Since the program was approved, 750 students out of 1,550 take breakfast, and monthly reimbursement increased from $320 to $785.

Last September, breakfast in the classroom was made available district-wide. Four of 22 schools in the Pickens County School System followed Easley’s example. “When one middle school issued a [no breakfast for late-comers], policy, tardiness dropped 50%,’’ says Winchester.

Eating in classrooms is not allowed at Chicopee (Mass.) Public Schools, where students take breakfast at buffet tables in each of 15 school cafeterias. The table with 12 to 15 items also attracts students with eyes bigger than stomachs. “We remind them to start out with just three items; they can return for more. It’s how we control waste,’’ says Joanne Lennon, foodservice director.

Introducing new items and rotating others encourages participation. Breakfast pizza is popular, as are juice flavors berry, punch and grape.

A bonus for participants is the district’s sticker program, for which each diner gets a sticker per visit. Students with 20 are awarded T-shirts and pencils, while adults get tote bags. Over a five-year period, breakfast participation has increased from 1,100 students to 2,000.

Meeting the test
Director of School Nutrition Joan Kidd devised three serving styles to fit the needs of 140 schools and special education centers of DeKalb County (Ga.) Schools. To offset a complicated bus schedule that deposits students at different times, she created three Express Breakfast options, available to most schools: bag breakfast, traditional cafeteria line and self-serve grab-and-go table. Hot items offered two to three times a week always increase participation, she says. Insulated packaging that maintains temperatures for hot items such as sausage biscuits and turkey rolls ensures food quality. Menus are posted on the district’s Web site and sent home via e-mails to parents.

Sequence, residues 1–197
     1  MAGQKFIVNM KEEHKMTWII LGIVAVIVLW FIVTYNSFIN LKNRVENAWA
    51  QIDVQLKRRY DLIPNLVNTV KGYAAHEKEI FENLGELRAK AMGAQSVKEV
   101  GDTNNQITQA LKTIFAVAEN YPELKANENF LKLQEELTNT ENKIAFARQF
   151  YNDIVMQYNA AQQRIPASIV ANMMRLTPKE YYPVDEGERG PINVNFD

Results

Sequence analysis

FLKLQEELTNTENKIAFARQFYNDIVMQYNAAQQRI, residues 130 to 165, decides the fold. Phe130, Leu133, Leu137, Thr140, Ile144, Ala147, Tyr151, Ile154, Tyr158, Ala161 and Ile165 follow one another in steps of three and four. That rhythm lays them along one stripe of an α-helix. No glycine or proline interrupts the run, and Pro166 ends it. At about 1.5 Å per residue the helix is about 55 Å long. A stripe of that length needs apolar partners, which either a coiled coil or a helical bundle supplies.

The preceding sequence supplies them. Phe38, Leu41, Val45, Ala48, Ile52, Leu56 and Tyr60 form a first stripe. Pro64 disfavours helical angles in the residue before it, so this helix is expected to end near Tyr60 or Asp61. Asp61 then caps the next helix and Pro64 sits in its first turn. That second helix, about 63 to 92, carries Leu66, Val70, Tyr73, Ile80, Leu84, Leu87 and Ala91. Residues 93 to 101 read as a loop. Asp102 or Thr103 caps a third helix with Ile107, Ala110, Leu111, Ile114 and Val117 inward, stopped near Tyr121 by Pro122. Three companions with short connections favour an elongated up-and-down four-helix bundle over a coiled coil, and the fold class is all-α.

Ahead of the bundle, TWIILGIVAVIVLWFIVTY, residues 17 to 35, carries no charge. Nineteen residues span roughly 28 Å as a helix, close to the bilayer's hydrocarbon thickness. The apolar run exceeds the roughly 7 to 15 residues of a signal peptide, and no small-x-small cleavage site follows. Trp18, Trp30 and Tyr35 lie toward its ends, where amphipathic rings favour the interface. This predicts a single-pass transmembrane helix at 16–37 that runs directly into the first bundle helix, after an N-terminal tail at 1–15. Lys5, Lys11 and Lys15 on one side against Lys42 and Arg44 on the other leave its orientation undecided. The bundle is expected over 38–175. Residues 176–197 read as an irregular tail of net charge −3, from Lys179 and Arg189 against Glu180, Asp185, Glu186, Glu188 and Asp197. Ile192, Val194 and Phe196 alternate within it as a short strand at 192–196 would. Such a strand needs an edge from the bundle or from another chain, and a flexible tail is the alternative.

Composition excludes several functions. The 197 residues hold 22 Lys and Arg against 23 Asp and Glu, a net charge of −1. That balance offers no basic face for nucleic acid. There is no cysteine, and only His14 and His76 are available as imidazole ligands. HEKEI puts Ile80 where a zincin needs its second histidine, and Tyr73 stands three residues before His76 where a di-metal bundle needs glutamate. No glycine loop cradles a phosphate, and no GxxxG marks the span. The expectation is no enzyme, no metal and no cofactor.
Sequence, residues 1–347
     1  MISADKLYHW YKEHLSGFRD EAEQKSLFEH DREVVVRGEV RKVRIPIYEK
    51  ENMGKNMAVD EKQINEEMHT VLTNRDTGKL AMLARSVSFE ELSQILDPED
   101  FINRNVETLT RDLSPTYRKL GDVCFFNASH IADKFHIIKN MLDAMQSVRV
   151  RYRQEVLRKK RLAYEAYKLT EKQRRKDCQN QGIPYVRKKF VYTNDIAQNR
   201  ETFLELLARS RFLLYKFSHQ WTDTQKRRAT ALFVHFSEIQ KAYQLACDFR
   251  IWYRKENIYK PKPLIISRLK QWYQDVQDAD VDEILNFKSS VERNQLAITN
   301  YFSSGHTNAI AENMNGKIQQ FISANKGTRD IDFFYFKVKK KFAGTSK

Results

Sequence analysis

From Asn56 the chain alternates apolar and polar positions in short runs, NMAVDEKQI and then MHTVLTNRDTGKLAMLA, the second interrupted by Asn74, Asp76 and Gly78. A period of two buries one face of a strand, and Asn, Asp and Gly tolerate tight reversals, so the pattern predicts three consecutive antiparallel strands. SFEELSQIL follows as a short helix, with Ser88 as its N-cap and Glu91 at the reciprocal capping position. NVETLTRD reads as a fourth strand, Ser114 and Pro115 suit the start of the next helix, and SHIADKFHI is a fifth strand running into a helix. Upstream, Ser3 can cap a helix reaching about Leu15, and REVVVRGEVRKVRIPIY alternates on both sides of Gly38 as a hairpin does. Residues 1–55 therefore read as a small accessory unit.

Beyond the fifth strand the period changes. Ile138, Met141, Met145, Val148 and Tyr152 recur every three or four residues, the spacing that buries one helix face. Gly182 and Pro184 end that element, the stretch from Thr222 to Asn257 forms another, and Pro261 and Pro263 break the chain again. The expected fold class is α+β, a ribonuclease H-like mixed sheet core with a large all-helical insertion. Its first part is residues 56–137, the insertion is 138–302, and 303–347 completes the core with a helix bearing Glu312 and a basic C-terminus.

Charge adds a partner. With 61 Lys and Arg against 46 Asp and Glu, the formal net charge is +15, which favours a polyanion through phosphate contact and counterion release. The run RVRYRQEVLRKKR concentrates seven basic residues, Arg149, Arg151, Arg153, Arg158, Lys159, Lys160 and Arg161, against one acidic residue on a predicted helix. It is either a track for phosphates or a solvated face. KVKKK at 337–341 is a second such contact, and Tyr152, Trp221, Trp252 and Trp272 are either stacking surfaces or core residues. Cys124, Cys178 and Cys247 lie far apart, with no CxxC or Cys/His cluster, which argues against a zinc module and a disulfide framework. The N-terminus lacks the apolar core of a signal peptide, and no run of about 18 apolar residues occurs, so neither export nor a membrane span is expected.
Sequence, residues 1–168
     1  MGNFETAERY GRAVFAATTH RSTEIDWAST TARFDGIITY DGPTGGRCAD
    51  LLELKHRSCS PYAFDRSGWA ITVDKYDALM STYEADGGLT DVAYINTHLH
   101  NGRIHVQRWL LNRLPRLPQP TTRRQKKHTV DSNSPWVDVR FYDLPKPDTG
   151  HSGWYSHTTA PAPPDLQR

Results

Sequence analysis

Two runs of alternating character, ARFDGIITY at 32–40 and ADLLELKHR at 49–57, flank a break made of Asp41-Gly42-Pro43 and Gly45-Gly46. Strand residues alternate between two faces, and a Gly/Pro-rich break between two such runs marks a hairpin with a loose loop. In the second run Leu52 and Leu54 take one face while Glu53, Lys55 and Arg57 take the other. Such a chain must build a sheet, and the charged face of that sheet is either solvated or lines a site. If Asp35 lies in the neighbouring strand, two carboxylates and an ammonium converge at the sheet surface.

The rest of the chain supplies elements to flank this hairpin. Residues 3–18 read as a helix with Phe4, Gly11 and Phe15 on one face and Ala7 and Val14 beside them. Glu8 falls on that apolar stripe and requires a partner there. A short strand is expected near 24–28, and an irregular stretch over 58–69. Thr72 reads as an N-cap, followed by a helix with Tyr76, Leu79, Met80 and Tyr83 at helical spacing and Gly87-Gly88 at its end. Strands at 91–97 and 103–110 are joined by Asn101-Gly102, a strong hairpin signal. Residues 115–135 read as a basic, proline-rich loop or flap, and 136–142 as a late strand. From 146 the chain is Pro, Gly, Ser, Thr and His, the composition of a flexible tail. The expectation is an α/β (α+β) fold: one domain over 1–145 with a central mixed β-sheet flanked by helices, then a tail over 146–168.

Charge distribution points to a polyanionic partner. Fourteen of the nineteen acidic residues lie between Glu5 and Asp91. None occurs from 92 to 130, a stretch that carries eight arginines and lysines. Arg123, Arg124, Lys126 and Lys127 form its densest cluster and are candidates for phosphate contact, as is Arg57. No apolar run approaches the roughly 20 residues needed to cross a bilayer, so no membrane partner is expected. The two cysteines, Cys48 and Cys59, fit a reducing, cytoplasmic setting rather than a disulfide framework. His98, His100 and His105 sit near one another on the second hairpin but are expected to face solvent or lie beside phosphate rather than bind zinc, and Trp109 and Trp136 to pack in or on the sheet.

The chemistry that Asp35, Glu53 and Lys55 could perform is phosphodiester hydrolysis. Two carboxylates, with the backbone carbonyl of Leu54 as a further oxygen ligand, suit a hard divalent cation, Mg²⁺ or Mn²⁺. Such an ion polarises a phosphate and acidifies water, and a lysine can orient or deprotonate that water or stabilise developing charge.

“Staff communication is critical to the success of our breakfast program,’’ Kidd says, referring to the 80 managers and 800 employees who daily produce 21,800 breakfasts.

Morning Social

Eating something hot for breakfast with the family is part of Hispanic culinary tradition. Foodservice Director Adele Balesh uses this custom to promote the meal at Canutillo (Texas) Independent School District (right).

All four schools are within a three-mile radius. Transportation is easy, with some students walking to campus while others catch buses. Hot-breakfast service starts at 7 a.m., and all children eat free. The district qualifies under Universal Free Provision II Breakfast and Lunch Program for federal funding; parents pay a modest fee for la carte items. The sound from the cafeterias is festive as elementary students and parents pass bowls of hot oatmeal and wheat and rice cereals.

Balesh tailors serving styles to fit the ages of students. There’s a serve-yourself breakfast burrito bar at Canutillo Middle School that offers 10 fillings including pork, chicken and beef.

Teens pressed for time at Canutillo High School bag it. An umbrella-shaded cart at one school is located near a bus stop and offers a variety of wrapped muffins, doughnuts, granola bars, juices and milk.

Because the Canutillo community has a high rate of diabetes and obesity, Balesh asks vendors for low-fat cheeses and cheese sauces and baked tortillas, not fried. “They’re happy to help. They want the business,’’ she says.

Five years after implementation, the breakfast program has raised participation from 53% to 75%.